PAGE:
Although protection systems have improved and social inclusion has progressed with increasing access to education, major gaps remain. Key challenges include the poor reception conditions, child migration detention and persistent discrimination against refugees and migrants. Many children are still unable to pursue education or access basic services. In Bulgaria, Greece and Serbia, more than 20,000 stranded children remain in limbo, and in Italy, 90 per cent of arriving children are unaccompanied and/or separated.
In 2018, UNICEF is appealing for $33,144,000 USD to meet the humanitarian needs of refugee and migrant children in Europe. These emergency response activities include;
- Providing 2,580 people with access to gender based violence services, including referral, prevention services.
- Providing 5,000 children with quality child protection services.
- Enrolling 10,500 children in formal and nonformal education activities.
- Providing 6,800 children with quality child protection services.
- Training 1,900 frontline workers on child protection and Gender Based Violence services.
- Enrolling 2,600 children in formal and nonformal educational activities.
- Providing 3,000 children benefitting from quality child protection services.
- Ensuring 1,600 children are participating in formal and nonformal educational activities.
- Providing basic supplies such as clothing and baby hygiene items to 4,000 children.
- Providing 1,000 children under 5 access to mother and baby care centres, including nutrition services.
- Providing 300 children with quality child protection services
- Providing 200 people access to gender based violence services including referrals and prevention services.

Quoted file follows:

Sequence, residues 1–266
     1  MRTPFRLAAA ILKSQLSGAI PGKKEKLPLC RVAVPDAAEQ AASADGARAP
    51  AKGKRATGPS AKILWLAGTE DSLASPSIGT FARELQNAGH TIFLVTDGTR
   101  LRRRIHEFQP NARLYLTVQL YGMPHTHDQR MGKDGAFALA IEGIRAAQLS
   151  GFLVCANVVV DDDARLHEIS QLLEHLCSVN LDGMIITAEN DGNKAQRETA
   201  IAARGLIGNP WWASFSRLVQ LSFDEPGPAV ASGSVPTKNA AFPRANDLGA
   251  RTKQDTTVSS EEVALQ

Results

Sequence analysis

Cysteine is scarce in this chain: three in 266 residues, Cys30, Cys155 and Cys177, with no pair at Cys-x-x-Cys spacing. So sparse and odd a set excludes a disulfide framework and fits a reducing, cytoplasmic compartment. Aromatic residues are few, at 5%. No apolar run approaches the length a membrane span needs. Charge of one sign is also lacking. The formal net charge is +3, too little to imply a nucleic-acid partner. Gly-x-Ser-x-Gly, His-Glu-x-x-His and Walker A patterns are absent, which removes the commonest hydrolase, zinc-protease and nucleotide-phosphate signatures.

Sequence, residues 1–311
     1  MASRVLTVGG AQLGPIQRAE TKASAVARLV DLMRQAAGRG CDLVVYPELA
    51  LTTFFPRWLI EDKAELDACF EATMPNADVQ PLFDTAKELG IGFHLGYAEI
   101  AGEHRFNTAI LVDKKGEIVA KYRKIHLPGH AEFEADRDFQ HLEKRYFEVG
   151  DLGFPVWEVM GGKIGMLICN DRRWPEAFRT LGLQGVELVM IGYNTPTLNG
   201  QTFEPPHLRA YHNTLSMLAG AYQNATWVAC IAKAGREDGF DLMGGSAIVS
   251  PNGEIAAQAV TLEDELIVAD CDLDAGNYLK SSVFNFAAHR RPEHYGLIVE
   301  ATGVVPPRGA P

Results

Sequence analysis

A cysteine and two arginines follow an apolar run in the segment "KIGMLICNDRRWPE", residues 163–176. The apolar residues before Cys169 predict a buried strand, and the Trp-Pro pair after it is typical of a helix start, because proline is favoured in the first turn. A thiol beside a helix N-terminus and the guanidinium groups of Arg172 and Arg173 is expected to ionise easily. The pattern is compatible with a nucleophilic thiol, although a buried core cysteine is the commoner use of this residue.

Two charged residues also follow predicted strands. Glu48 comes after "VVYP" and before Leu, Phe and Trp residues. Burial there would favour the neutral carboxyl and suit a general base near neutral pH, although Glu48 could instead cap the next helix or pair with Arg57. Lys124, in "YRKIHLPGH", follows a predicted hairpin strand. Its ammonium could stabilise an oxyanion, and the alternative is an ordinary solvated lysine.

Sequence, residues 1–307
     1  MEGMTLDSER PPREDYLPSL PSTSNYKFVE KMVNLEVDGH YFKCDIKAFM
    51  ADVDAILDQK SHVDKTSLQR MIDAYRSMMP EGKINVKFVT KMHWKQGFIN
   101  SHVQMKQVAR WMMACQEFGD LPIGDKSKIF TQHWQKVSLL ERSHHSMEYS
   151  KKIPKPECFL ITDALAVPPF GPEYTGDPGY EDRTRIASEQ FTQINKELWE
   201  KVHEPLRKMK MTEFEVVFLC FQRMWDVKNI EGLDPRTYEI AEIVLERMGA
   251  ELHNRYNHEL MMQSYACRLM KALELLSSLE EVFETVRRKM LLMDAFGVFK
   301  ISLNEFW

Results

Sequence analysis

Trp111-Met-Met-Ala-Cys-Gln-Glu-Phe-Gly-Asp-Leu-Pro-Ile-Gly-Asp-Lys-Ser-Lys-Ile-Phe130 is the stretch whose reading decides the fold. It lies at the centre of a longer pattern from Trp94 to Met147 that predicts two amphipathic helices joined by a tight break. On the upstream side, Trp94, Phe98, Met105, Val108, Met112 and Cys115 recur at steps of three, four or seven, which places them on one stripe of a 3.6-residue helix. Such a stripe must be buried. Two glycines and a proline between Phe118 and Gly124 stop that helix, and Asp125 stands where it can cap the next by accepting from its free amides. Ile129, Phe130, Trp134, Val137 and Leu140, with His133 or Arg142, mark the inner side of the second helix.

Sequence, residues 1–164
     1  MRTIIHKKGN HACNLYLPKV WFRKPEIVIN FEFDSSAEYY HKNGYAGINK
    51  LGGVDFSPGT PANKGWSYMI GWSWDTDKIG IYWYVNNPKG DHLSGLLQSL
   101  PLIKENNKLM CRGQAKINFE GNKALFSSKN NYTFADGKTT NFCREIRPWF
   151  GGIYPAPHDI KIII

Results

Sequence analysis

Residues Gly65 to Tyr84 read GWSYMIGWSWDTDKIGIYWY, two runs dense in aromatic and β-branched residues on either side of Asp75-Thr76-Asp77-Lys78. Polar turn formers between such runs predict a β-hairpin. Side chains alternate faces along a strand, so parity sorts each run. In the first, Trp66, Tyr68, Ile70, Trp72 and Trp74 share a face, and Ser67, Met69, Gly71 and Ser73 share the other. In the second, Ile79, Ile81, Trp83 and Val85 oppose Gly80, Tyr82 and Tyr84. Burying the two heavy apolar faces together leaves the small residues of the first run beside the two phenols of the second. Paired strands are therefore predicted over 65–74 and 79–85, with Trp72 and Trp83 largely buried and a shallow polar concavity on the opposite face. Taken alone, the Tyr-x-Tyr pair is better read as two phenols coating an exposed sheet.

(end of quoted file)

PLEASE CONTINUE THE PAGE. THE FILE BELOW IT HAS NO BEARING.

- Ensuring 600 children are participating in nonformal educational activities.
- Providing 10,000 children with quality child protection services.
- Training 2,500 frontline workers on child protection standards.
- Providing rapid reaction support to 75 per cent of children receiving cross sectoral rapid reaction support in contingency interventions to respond to
Children in the Central Asia and South Caucasus (Armenia, Azerbaijan and Georgia) are vulnerable to poorly mitigated natural hazards and under-resourced social services. More than 80 per cent of children in Kyrgyzstan, Tajikistan and Uzbekistan live in areas of high or very high seismic risk, and 87 per cent of schools in Kyrgyzstan assessed for seismic risk are unsafe.
The absence of a peace agreement between Armenia and Azerbaijan and the regular exchange of fire in the Nagorno-Karabakh region continue to affect the South Caucasus sub-region. Accessible emergency supplies are needed to improve preparedness for small scale emergencies in Central Asia, as are improved capacities and policies for cash-based transfers.
In 2018, UNICEF is appealing $3.1 million USD to strengthen the quality and reach of emergency preparedness, including pandemic and outbreak prevention and conflict-sensitive programming. This work will target children living in high risk regions, especially in the South Caucasus and Central Asia. These funds may also be used to support small- or medium-sized emergency response elsewhere in the region.